Updated February 3, 2021

How to Restart Scouting

The safety of all participants, youth and adults, should always be the priority when looking at any Scouting activity.  Restarting Scouting during the time of COVID-19 is no different. When looking at how to restart your Scouting program the mission is to keep the Scouting Program available, accessible, and flexible through observing health and safety measures – through a changing health/medical, legal, social and financial environment

Be responsible Scouts while mitigating risk

Everyone is ready to put the “outing” back in Scouting but we need to do so safely and while mitigating risk to all participants.  It is equally important to make sure that we are following guidance and mandates of the location where the activity will be held.

Safe ≠ Risk Free

It is important that you communicate to all participants that safe does not equal risk free.  Precautions and mitigation strategies are important, but they cannot eliminate the potential for exposure to COVID-19 or other hazards. 

What You Need to Know To Restart Scouting

As Scouts, we have a duty to our country to follow the rules.

It is our honor to be respectful, obedient, trustworthy, clean and kind.

Resources

From Updated Washington State Phased Opening Approach - January 2021

Mount Baker Council - Health Washington - Scouting Update

Updated February 01, 2021

The Mount Baker Council is reaching out to our Units, Charter Organizations, and other stakeholders to share our understanding and interpretation of the new “Healthy Washington – Roadmap to Recovery” Plan. We believe that the new plan will have significant impacts on the outdoor program and daily operations of our units moving forward.

As always, the Guide to Safe Scouting should continue to form the foundation of your activity planning. When considering the safety of activities planned under COVID restrictions, the Charter Organization remains the ultimate authority on what program activities are safe and appropriate for their Scouting Unit(s). Our understanding and interpretation are offered to assist Charter Organizations in making those decisions.

The Roadmap to Recovery Plan offers no specific guidance to Scouting Units for how to operate, but we have been able to develop guidance for Outdoor Program activities that is equivalent to the guidance offered for Outdoor Sports.

In Phase 1, the Roadmap to Recovery Plan permits:

Low and moderate risk sports permitted for practice and training only (no tournaments). Outdoor guided activities, hunting, fishing, motorsports, parks, camping, hiking, biking, running, snow sports, permitted.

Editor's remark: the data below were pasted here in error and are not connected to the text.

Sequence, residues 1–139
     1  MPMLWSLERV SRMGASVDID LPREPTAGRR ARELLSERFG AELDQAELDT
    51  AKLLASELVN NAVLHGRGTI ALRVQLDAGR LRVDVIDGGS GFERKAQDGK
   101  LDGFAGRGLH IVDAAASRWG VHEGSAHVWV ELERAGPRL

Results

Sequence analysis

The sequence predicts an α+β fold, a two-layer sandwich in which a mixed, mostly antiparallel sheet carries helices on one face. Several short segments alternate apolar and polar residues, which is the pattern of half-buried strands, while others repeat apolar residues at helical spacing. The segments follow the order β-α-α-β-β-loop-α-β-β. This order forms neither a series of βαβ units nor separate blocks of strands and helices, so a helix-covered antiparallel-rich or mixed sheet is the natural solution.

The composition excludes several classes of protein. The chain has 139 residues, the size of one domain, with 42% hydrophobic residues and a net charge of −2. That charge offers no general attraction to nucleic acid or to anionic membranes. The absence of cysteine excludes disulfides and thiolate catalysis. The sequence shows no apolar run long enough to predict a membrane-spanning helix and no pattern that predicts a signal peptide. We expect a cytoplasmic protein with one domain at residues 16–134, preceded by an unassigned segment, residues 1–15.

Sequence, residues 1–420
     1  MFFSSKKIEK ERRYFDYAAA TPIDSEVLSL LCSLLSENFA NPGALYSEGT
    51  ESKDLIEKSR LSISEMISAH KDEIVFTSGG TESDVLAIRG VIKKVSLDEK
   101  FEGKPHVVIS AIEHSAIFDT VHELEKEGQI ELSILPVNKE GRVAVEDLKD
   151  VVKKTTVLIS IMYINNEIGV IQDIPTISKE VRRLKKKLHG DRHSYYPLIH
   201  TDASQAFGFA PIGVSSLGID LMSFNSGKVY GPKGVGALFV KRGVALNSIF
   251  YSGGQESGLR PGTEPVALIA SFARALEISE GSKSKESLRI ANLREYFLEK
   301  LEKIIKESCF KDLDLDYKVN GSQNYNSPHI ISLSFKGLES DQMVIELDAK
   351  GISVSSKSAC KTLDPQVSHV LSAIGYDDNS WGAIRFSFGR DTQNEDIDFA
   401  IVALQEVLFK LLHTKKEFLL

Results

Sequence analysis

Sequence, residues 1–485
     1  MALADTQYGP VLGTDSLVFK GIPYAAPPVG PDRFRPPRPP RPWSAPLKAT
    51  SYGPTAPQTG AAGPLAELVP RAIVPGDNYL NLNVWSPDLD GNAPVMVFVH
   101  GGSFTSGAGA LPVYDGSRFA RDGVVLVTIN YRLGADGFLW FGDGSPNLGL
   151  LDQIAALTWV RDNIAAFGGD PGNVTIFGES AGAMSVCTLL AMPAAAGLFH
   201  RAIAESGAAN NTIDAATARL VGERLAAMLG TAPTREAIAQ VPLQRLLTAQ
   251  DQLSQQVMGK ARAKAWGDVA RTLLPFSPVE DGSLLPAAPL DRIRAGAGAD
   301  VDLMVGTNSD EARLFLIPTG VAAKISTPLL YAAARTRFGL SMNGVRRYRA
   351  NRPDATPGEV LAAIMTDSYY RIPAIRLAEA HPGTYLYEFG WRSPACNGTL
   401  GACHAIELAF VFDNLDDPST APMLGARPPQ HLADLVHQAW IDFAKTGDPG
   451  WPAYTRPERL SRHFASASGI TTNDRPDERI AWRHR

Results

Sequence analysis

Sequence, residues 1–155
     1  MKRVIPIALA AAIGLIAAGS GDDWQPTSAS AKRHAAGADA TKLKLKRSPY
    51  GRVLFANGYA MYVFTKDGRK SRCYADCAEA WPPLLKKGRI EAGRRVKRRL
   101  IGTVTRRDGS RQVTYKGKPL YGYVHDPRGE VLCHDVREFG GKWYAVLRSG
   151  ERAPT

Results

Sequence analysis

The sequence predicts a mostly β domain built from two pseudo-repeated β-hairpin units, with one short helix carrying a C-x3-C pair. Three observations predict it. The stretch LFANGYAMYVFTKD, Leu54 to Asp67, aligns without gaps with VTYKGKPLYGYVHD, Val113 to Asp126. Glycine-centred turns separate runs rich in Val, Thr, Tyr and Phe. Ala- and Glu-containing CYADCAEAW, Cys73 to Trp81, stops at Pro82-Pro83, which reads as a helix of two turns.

In Phase 2, the plan further permits:

Low, moderate, and high-risk sports competitions allowed (no tournaments), maximum 200 including spectators.  – Read More

Download the full guidance announcement

Restarting Scouting Webinar - from July 2020

County Travel Announcements

Skagit County Update – July 14, 2020

July 14, 2020: Remember, it’s still safest to stay close to home this summer 

Skagit County Public Health and the Washington State Department of Health are encouraging Washingtonians to limit summer travel plans to help slow the spread of COVID-19. Over recent weeks, Skagit County has seen a number of cases due to travel out of county and out of state.

The Safe Start— Reopening Washington plan details travel allowances under the different Phases. Phases 2 and 3 allow for more travel than Phase 1, but none are a green light for everyone to travel as much as they want or out of state. Skagit County is currently under Phase 2. Travel outside of the home or immediate neighborhood is allowed for essential activities and Phase 1 & 2 permissible activities such as outdoor recreation or drive-in movie theaters. The intent of this is for people to stay in-or close to- their home counties when they are doing these activities.

When you travel, you have more encounters with people outside of your immediate household, increasing the likelihood you will contract COVID-19. Further, we are seeing many people traveling to areas that have higher rates of infection than Skagit County such as the Yakima area, California, Arizona, and even Florida.  Traveling to these areas increases risk of being exposed to infected people and bringing that infection home to families in Skagit County. 

Further if you do travel or participate in any activity, including outdoor activities, its important to use proper precautions. Staying safe this summer requires you to:

  • Stay six feet away from other people
  • Wear a mask when you’re around others
  • Keep your social circles small – less than 5 people per week total in phase 2
  • Wash your hands frequently
  • Avoid touching your face
  • If you’re around other people, staying outdoors as much as possible

Also, participating in any activity is much safer when done with your immediate household rather than people you don’t live with.

We Western Washingtonians love our summers and our summer activities, but if everyone goes about their lives as normal this season we will see a resurgence of cases and need to increase restrictions. That is something we do not want to do.

Please, stay smart, stay strong and stay close to home this summer.